“We wanted to make sure the organizers got their message across,” Colbert said. “We did not want their message to get lost because of the actions of a few who resorted to violence, as happened in other communities.”

One person was arrested but no violent acts were reported, according to Colbert. A smaller rally that occurred afterward and temporarily blocked Market Street, involved several hundred people walking to the city’s municipal building and police station. It, too, was without incident.

Julian Walker of the Warren Board of Education, the keynote speaker, emphasized that Warren may not have the magnitude of problems seen in other communities, but there are still issues that must be addressed and changes that need to be made.

“A lot of young people get frustrated about the pace of change, but I’m encouraging them to become involved,” Walker said. “People can change a community by making personal commitments, by becoming part of grassroots campaigns, by making sure to vote for people running for local offices and, perhaps by running for office themselves.”

Walker said the rallies in Warren and across the country are bringing a new awareness and that brings power to the ideas being discussed.

“It sends a powerful message, especially when they end peacefully,” he said.


Earlier Monday, inmates, under the supervision of corrections officers and county maintenance employees, shoveled rocks out of the landscaping in front of the Trumbull County Sheriff’s Office in order to prevent them from becoming projectiles, according to Frank Fuda, Trumbull County commissioner.

Fire suppression equipment from Warren Fire Equipment was brought to the Trumbull County Administration Building, 160 High St. NW, next to the sheriff’s department, which was fully staffed Monday night.

Sheriff Paul Monroe said he took precautions, though he expected a peaceful protest.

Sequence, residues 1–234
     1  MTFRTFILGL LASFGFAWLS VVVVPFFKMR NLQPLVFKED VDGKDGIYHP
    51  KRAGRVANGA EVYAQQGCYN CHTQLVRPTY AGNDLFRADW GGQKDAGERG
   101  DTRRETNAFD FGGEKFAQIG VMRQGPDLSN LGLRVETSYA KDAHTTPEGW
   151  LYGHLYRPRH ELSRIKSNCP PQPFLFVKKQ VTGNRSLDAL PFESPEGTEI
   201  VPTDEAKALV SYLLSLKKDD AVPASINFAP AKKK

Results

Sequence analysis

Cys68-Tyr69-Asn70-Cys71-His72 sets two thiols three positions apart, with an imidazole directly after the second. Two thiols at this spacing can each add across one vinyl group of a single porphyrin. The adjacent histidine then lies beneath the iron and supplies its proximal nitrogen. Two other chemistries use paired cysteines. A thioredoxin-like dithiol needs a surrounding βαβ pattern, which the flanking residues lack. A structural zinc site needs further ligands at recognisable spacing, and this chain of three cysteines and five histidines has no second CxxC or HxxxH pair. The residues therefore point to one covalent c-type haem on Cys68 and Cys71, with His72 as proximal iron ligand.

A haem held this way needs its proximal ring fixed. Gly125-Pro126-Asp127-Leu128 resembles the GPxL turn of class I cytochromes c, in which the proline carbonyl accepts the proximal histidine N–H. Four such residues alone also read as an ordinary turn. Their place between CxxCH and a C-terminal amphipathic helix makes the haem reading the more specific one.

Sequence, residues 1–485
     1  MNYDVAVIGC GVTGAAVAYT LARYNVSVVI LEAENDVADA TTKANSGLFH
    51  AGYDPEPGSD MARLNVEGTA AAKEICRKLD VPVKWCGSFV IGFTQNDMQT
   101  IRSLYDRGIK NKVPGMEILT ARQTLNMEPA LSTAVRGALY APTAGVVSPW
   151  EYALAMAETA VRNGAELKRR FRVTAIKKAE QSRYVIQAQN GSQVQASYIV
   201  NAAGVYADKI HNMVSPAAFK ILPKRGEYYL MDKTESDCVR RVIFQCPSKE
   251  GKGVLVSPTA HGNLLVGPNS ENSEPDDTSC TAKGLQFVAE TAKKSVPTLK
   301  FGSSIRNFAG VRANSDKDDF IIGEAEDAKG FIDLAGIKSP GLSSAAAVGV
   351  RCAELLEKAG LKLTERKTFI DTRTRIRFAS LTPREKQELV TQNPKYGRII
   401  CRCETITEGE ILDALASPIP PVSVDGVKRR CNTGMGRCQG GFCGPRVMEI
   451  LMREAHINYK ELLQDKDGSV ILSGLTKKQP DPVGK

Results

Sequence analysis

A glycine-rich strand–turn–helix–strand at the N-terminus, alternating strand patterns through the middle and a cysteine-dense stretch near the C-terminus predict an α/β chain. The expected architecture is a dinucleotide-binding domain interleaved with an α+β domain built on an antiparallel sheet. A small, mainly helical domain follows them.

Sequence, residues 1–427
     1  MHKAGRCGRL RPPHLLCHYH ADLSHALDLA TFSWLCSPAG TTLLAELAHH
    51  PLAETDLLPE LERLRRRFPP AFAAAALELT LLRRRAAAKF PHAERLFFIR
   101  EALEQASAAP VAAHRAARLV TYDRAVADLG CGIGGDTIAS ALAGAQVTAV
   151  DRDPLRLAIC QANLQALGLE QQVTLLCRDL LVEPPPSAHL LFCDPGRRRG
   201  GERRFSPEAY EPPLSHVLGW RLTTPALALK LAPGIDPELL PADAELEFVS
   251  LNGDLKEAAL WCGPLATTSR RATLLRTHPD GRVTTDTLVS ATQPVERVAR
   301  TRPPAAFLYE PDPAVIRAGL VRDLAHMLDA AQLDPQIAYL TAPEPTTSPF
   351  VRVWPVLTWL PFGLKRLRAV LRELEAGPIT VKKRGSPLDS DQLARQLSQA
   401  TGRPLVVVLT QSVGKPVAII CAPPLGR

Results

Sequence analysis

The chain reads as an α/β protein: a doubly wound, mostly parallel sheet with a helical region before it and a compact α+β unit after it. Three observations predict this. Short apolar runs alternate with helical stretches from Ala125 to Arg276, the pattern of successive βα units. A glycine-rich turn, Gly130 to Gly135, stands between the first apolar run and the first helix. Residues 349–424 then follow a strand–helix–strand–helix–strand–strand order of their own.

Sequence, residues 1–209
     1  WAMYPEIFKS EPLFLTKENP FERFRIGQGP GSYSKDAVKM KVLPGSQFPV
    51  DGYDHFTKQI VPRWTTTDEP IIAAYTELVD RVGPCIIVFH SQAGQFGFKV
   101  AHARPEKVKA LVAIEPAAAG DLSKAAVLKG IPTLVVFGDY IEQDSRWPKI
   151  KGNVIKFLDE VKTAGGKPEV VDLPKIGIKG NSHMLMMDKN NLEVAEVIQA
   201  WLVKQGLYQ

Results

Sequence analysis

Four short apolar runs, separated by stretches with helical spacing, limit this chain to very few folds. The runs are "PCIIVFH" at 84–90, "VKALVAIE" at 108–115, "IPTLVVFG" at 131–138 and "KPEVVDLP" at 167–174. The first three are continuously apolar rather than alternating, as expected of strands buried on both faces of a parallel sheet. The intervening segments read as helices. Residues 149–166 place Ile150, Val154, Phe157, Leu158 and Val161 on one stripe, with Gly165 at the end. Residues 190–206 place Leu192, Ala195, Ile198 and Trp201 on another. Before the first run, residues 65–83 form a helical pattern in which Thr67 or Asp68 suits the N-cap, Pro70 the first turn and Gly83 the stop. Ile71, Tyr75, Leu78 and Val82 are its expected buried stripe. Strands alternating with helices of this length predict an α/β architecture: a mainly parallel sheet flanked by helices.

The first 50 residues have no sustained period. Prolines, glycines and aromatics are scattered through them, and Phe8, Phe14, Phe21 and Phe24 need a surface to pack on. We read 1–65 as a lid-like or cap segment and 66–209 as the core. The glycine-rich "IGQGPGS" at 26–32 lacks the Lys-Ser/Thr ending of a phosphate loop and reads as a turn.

“This town belongs to the people of Warren. A rally comes with responsibility for the people participating,” Monroe said.

The Eastwood Mall remained open on Monday, but many of the largest retailers in the complex were closed by 3 p.m., including Target, Kohl’s, TJ Maxx, Best Buy and Dick’s Sporting Goods.

At least two Howland police cruisers were parked near Kohl’s and several Niles police vehicles were parked or patrolling around the complex.

Dick’s boarded up its main entrance and windows from the inside in order to prevent looting after rumors swirled that protesters were coming.

Walmart in Warren closed early for the day Monday.

Bishop George V. Murry of the Diocese of Youngstown released remarks about the killing of Floyd. Murry, along with his brother bishops, stated “that the fight to eradicate racism is a pro-life issue. Racism is not a thing of the past or simply a throwaway political issue when convenient. It is a real and present danger that must be met head on.”

Murry and bishops around the country released a statement encouraging Americans to encounter people of different cultural backgrounds to seek greater understanding and unity.

“Encounters such as these will start to bring about the needed transformation of our understanding of true life, charity and justice in our country,” the statement said.